The ZEISS Loxia 50mm compliments any auto focus 50mm Sony lens you may have. Many I’ve encounter just fear the notion of a manual lens, but in using them I feel it improves the creativity a photographer possesses and increases ones knowledge and ability to have a greater connection with their equipment and attention to details for any given photographic situation.
Sony α7R III + ZEISS Loxia 2/50mm Planar | ISO 100, f/2, 1/500th secs
ZEISS Batis 2/25mm Distagon + Sony α7R III
My following trip was back to my second home of New York City and I chose to take the ZEISS Batis 25mm on this excursion. Typically I’m not a wide angle prime lens shooter for Street photography, but I thought if I was going to do something that was uncomfortable for me, why not do it in a place where people around you don’t care what you’re doing and will ignore you if you look completely lost in the sauce, ha!
The ZEISS Batis line of lenses are designed specifically for the full frame Sony E-Mount system as well. Yes, that means no adapters of any sort are needed to use this lens, just as you don’t need an adapter for the Loxia lenses also. These lenses are entirely auto focusing lenses and all have a 67mm diameter thread (with the exception being the ZEISS Batis 2.8/18mm with a 77mm thread). They have a very modern look to them and include a neat OLED focus distance read out display as well.
Sony α7R III + ZEISS Batis 2/25mm Distagon | ISO 1,000, f/5.6, 1/15th secs
This lens is the more common territory, being that it’s an auto focusing lens. With this lens in the city my key settings for my Sony α7R III was in terms of the focusing. I utilized either AF-S or AF-C, Flexible Spot (M or S) or Expand Flexible Spot.
AF-S/AF-C: Depending on what I’m photographing I will utilize one of these AF settings. I mostly use AF-S and switch to AF-C if I’m really on the move with my Street images and I’m taking photos as I’m walking or if I’m capturing fast moving subjects and I’m wanting to track them.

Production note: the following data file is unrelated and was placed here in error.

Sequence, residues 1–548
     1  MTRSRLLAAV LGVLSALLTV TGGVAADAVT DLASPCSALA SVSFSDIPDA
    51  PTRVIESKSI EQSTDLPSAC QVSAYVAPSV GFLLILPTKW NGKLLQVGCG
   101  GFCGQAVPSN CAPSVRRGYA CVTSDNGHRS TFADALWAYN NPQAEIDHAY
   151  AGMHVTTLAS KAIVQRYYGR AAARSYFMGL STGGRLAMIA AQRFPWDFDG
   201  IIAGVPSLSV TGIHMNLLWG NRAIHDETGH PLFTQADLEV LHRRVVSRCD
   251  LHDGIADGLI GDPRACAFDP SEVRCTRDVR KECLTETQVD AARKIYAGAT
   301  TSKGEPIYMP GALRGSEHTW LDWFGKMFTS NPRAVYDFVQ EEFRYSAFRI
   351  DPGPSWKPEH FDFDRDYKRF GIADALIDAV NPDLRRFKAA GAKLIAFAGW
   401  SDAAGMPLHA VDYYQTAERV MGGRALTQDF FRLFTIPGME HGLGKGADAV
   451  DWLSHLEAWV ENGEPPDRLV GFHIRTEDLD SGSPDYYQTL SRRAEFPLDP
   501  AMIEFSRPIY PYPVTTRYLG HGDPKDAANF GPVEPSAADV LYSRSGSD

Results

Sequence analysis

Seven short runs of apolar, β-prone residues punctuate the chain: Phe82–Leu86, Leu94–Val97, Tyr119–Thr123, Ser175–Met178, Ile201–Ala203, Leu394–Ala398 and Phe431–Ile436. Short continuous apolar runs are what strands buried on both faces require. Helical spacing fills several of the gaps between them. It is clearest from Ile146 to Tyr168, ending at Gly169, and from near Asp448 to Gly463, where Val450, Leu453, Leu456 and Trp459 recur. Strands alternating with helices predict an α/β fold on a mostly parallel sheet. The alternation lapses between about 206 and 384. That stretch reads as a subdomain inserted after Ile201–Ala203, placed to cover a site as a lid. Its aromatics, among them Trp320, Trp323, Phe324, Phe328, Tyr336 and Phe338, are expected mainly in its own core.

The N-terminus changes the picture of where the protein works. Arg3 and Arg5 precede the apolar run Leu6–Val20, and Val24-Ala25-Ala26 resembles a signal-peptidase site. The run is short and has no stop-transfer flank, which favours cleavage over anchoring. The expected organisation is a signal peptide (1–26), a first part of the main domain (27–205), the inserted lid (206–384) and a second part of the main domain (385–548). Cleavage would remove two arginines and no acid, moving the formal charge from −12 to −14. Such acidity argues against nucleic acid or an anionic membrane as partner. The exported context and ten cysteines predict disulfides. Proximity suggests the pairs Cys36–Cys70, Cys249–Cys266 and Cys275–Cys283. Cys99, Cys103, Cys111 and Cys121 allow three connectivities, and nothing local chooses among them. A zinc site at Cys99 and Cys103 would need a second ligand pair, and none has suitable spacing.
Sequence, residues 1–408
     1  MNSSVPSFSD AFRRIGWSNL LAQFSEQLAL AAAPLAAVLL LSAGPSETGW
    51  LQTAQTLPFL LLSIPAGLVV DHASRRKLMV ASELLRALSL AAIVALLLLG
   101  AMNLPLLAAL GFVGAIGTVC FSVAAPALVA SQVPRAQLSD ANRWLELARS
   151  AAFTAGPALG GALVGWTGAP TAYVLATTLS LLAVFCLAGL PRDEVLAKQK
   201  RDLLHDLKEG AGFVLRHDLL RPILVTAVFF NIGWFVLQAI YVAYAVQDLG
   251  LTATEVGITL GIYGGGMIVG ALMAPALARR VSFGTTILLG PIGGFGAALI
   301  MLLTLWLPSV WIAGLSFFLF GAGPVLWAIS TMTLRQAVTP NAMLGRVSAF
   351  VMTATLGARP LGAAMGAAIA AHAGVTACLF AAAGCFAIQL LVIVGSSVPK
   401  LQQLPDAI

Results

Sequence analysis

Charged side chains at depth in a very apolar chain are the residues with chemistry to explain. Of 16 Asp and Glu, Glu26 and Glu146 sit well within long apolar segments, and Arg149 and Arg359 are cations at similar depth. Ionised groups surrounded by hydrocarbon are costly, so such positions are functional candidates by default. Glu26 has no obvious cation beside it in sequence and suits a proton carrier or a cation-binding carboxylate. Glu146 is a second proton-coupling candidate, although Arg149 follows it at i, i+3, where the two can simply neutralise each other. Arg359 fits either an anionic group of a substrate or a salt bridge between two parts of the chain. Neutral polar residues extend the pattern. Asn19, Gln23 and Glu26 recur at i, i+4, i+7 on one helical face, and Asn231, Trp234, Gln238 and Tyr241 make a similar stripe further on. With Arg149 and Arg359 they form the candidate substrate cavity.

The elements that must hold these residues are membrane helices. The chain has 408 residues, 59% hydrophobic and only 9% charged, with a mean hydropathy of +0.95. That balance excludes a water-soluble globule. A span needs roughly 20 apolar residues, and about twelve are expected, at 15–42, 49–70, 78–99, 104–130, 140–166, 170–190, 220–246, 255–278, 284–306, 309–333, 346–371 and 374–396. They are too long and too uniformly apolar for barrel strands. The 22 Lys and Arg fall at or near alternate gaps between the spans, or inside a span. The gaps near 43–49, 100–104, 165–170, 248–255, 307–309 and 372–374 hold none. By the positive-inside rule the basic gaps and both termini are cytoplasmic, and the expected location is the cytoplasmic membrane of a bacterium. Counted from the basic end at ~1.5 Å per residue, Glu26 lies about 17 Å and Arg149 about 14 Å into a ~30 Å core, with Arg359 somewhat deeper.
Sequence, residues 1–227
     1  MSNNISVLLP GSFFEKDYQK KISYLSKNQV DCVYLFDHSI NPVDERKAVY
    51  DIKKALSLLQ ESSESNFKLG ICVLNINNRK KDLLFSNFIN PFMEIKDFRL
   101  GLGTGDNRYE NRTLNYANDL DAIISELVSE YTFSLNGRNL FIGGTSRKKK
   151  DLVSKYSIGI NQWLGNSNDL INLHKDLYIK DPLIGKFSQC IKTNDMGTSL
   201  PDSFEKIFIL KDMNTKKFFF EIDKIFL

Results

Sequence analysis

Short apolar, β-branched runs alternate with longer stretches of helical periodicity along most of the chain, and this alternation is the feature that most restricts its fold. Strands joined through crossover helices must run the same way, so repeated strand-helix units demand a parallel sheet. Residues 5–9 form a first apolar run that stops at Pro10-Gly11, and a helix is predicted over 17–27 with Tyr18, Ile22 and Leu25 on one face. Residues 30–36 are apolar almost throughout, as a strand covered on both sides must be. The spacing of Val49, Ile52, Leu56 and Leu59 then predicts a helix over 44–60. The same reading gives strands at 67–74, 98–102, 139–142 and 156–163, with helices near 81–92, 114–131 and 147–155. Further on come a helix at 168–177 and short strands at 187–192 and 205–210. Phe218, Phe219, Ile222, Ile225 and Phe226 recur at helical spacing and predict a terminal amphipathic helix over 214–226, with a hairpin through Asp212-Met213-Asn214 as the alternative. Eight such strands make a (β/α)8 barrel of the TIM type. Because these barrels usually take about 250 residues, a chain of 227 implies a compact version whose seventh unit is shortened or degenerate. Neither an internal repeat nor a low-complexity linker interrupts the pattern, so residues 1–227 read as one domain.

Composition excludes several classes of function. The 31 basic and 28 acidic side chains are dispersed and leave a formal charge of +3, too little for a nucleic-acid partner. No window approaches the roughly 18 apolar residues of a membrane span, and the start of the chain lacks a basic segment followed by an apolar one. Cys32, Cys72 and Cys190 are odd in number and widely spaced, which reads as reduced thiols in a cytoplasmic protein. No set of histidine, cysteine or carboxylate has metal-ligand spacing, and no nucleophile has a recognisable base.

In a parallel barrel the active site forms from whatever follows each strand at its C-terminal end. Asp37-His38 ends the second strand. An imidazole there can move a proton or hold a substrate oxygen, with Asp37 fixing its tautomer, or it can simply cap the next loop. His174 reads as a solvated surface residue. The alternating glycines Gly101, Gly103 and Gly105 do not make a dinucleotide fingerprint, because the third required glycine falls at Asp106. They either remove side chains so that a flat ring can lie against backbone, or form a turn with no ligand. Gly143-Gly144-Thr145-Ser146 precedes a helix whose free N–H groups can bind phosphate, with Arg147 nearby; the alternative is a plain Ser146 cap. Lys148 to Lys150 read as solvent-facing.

Flexible Spot M/S: This is my go to focusing selection on any of my cameras. I switch between the Medium or Small point, depending on my composition and how big or small my subject is that I’m capturing. Sometimes the Medium may hunt during a specific composition and I’d have to switch to Small to give it a more fine tuned focus point so it’s not searching in such a large area. In case anyone is interested in knowing about my use of the L (Large) option, it’s not often that I’ll utilize this one compared to the others, but on occasion I’ll mix that one in as well.
Expand Flexible Spot: I really love this focusing option and will utilize this for times I want a bit more flexibility in my selected focus area. This option will focus like the standard Flexible Spot, but you obtain this outer box where the camera will search for focusing as well, giving a bit more opportunity for me to make sure I’m able to nail my focus on every frame, as I’m wanting to be quick with my captures and sometimes the Flexible Spot might not be able to focus just within that area and needs a bit of breathing room and this gives me that when I’m photographing.
Performance on the Sony α7R III with the ZEISS Batis 25mm was very responsive.
For any lens you use with these cameras I always recommend trying the various focusing options these cameras have, as certain shooting conditions can greatly improve precision and speed.
Sony α7R III + ZEISS Batis 2/25mm Distagon | ISO 1,250, f/2, 1/80th secs